The ship's design is based on a ray. A technical consortium of around twenty companies and five research laboratories spent three years working on the concept. The result was a giant catamaran 56.5 meters long and 26 meters wide that moves by using two sails with a total area of 2,500 square meters. Power is supplied by two wind turbines, two hydroelectric generators á 100 kW and almost 500 square meters of photovoltaic solar panels.
One of the Manta's main tasks is to collect marine debris. Thanks to a unique combination of four complementary collection devices, the Manta can collect floating macro debris as small as ten millimeters and as deep as one meter. There is no danger to marine fauna in the process. For one thing, the catamaran will move at a slow speed of two to three knots. For another, the nets are equipped with slip-through holes, and ultrasound is also used to warn the animals.Cranes on the starboard and port sides serve for larger debris such as fishing nets. In addition, two smaller boats - named "Mobula" after the Japanese devil ray - with a capacity of five to ten cubic meters of waste can be used: the smaller one in calm waters, the other also in stronger currents or higher waves.
Plastic waste turned into pellets
In the catamaran, waste collected in collection carpets is lifted out of the water by inclined conveyor belts with a suction system, and goes onto conveyor belts where it is manually separated. Metals, glass and aluminum waste are separated out, placed in two lifting containers of 40 tons each and later recycled locally on land. Organic waste ends up back in the sea. Plastic waste passes through a shredder and can be pressed into pellets. However, Frederic Silvert, a specialist in the Manta technology, points out that the material must be dry and - unlike household waste - desalinated and dechlorinated before further processing.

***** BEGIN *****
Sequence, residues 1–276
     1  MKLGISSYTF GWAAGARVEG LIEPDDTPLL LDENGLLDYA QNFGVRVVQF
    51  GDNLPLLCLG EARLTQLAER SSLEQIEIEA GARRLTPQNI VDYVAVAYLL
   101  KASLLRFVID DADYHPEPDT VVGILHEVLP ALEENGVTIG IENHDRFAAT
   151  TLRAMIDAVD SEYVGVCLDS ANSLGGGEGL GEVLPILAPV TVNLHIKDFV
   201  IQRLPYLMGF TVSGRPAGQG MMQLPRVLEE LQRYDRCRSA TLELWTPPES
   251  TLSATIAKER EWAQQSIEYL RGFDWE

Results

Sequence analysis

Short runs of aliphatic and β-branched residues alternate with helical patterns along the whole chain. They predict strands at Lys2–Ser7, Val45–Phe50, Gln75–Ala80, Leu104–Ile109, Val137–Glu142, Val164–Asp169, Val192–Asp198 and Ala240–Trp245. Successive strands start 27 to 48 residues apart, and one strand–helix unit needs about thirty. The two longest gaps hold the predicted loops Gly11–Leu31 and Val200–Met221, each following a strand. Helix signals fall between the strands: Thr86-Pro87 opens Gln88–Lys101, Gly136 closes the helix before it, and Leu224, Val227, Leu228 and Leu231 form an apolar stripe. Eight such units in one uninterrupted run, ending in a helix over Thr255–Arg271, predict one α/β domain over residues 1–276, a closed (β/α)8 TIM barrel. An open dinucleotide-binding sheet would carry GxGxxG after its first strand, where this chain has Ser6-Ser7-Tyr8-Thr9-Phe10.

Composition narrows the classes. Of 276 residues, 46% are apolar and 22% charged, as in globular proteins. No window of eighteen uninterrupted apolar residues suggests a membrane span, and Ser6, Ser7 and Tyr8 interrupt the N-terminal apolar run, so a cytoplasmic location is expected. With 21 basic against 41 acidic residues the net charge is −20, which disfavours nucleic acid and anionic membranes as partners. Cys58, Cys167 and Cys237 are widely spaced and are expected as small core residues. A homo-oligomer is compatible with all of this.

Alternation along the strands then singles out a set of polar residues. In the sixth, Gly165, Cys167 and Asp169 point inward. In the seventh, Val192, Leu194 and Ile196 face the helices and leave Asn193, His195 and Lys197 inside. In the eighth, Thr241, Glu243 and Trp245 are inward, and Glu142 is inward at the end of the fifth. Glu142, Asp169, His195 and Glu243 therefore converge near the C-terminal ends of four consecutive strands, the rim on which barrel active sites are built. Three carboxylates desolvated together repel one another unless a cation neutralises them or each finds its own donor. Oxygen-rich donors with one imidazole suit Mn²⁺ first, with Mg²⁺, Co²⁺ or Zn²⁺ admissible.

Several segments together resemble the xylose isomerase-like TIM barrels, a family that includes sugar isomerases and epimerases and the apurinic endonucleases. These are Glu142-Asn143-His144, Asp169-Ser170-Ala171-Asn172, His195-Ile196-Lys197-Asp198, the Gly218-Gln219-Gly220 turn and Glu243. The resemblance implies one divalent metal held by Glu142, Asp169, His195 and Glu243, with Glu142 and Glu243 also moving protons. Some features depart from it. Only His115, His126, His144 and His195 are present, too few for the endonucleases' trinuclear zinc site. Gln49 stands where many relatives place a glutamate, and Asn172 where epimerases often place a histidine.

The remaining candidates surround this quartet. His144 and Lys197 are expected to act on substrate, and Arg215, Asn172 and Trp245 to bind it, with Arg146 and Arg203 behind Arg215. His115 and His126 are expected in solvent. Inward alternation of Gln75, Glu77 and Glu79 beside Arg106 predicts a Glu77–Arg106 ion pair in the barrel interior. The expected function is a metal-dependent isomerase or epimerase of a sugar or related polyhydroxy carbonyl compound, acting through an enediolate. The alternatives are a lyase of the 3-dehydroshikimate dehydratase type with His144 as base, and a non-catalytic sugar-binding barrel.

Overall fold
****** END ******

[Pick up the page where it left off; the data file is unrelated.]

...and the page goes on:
Power supply from syngas
A plant then converts the collected, sorted plastic that can no longer be recycled into electricity. Pyrolysis melts the material conveyed through a screw without a combustion process, creating syngas. The captured syngas enters a combustion chamber, and the resulting steam drives a generator and eventually a turbine that powers all onboard equipment: cockpit and navigation instruments, batteries, propulsion, and collection and sorting equipment. The plan is to achieve energy autonomy of 50 to 55 percent. With this technology, the Manta will have a recycling capacity of 3.5 tons per hour in the future. Annually, this is expected to add up to 5,000 to 10,000 metric tons of plastic to be fished off at those locations that are considered to be the main sources of waste entering the oceans - especially river mouths in Africa and Asia. But the objective is also to be flexible and open to areas that have been affected by natural disasters, Frederic Silvert explains.
Energetically "largely autonomous"
Collecting marine debris is not the only task of the Manta, which has been designed with energy efficiency, weight reduction and heat recovery in mind, in order to operate "virtually emission-free" and "largely autonomous" in terms of energy. The overall concept will also include the operation of an international research laboratory and a competence and information center on board the ship that will be open to the public. It is not for nothing that the ship is to have capacity for 34 people: in addition to twelve skippers, at least as many scientists.
First voyage expected in 2025
At present, the catamaran is still in the planning stage, and according to Yvan Bourgnon, the Manta initiator and founder of the environmental protection organization "The SeaCleaners," only a third of the financing for the total sum of 35 million has been covered. Nevertheless, he sees his project as the beginning of "a new generation of ships" with a different CO2 footprint. He expects the current eco-catamaran to reduce CO2 emissions by 75 percent. The first Southeast Asia voyage is scheduled for 2025.